Autumn Renovation on Cricket Squares

Dennis Lanein Cricket

Autumn Renovation on Cricket Squares

By Dennis Lane


Groundsmen who maintain cricket squares will no doubt now be giving thought to their renovation programme and what will need doing. Probably, this will also be going through the minds of the committee members of these clubs.

This is an area where they do not always agree on the priorites. Understandably, the club committee do have to balance the books financially, but I would make this recommendation to both club officials and groundsmen. I strongly believe that topdressing of the square, in the proper context, should take priority.

Many clubs that I have come into contact with have decided that dressing the worn ends of the square is sufficient to address the situation. Frankly, this is not so. If they do this year after year, then eventually, they end up with a large 'saucer' shape to the square.

Where the club have saved money on following this procedure, they will need to come to terms that to put the square right, namely taking the ends down by whichever method to level off the square again, is going to cost them a considerable sum.

It would be advisable therefore that, when topdressing, then do the whole of the square every year giving a level playing surface as required. The work will entail more cost at the time for the amount of loam but, in the long term, well worth it.

Ideally, square renovation should take place as soon as possible after the last game i.e., if the last game is on a Saturday, then start to prepare on the Sunday morning.

Cut the square down to pitch level, in the region of 3mm. This will allow better control over the top dressing levelling. After cutdl-spiking.jpg

Clean all the debris from the surface either by raking or using a mower. The most important part of the operation is the solid tine spiking. It is advantageous to aim for as many holes in the ground as possible. First, spike up and down in the direction of play, then, across the direction of play. It is then of great benefit to spike in a diagonal direction, for instance, from the right bottom corner to the top left corner and then left bottom corner to right top corner. This will give penetration over the whole of the square, roughly leaving 3" centres throughout the square.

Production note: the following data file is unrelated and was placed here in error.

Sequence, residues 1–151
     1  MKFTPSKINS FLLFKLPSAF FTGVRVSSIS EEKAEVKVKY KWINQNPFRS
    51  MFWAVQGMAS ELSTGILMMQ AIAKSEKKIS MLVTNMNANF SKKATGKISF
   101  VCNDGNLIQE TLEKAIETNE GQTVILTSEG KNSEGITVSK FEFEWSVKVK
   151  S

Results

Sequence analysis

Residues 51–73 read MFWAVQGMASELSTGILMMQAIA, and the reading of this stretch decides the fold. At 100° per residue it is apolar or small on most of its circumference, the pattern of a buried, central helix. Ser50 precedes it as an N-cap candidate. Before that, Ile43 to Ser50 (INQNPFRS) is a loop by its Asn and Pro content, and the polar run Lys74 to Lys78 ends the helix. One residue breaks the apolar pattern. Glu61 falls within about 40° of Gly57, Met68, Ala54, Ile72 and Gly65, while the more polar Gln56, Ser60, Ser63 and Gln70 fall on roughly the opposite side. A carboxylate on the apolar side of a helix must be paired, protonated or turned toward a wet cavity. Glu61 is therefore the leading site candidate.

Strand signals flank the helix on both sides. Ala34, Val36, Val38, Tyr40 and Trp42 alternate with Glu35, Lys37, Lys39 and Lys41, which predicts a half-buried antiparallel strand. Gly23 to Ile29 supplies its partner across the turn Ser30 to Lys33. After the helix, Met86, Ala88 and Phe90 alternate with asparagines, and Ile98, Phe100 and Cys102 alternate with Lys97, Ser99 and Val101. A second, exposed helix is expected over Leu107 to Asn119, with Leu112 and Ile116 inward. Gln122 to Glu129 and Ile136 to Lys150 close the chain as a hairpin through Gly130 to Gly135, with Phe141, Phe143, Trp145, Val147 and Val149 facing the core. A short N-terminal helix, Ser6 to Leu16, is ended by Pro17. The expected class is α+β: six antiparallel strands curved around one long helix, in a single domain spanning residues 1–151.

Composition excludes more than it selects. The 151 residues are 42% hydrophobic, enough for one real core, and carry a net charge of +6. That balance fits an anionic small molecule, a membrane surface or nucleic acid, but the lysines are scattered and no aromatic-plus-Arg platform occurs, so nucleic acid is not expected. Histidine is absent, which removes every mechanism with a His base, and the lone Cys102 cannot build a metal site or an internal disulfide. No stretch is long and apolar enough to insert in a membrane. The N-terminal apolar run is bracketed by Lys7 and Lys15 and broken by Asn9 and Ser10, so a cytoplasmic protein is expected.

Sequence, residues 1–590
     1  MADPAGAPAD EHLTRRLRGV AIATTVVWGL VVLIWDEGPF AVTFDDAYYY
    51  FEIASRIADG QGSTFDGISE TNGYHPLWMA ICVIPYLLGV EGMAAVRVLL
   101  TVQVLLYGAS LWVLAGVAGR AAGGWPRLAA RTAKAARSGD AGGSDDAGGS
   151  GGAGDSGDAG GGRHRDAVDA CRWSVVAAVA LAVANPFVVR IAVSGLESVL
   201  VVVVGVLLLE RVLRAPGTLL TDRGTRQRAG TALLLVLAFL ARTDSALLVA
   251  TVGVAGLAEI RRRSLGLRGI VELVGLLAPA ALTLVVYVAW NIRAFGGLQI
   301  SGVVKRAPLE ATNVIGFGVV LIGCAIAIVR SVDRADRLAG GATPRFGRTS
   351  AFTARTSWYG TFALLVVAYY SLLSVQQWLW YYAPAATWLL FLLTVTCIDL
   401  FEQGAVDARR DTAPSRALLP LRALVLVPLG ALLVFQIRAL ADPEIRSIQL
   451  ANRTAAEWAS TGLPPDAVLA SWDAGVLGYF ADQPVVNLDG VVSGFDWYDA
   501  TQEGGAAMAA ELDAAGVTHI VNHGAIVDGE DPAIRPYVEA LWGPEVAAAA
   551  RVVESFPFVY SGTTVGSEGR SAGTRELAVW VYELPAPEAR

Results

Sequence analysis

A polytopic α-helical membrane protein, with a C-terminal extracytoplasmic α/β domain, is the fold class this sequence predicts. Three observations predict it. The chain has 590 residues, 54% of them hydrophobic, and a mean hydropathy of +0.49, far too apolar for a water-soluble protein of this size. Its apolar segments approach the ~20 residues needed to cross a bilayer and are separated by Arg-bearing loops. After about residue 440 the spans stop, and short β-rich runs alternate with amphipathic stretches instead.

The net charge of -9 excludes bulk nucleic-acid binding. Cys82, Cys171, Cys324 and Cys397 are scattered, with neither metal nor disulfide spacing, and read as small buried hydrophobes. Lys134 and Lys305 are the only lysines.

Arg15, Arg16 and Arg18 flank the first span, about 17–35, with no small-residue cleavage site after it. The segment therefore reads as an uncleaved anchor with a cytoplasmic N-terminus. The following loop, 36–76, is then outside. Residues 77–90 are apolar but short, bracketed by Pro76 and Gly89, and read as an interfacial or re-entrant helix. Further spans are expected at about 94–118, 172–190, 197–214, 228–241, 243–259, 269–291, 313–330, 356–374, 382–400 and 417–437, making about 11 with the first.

I personally find that the easiest method to topdress the square is to start at the highest level of the square, measure off a pitch width, put down a line and, having a large barrow load of loam to hand, spread evenly across the width of the strip and work backwards luting in the topdressing. It is imperative that the operater does not walk on the area that he is dressing.

If there is found to be an area missed or slightly uneven in this exercise then, by operating on a pitch width, it easy to walk to the side of the area being dressed to correct the problem without encroaching on the treated area.

When the end of the strip is reached, the overseeding can be undertaken, again without walking on the treated area. Measure off the next strip and repeat the operation, and so on across the square. Taking into account the number of holes in the square, the completed operation should leave a surface covering of loam generally of around 2-3mm overall.

Over an average sized square of 30 metres x 30 metres the operation should be completed in a day, weather permitting,

The sooner the exercise is completed, the greater the benefit to the overall condition of the square throughout the winter months. It is also worth noting that to spike on a regular basis through the winter (say, every month) will encourage stronger root growth thereby helping the soil to hold together during the season.

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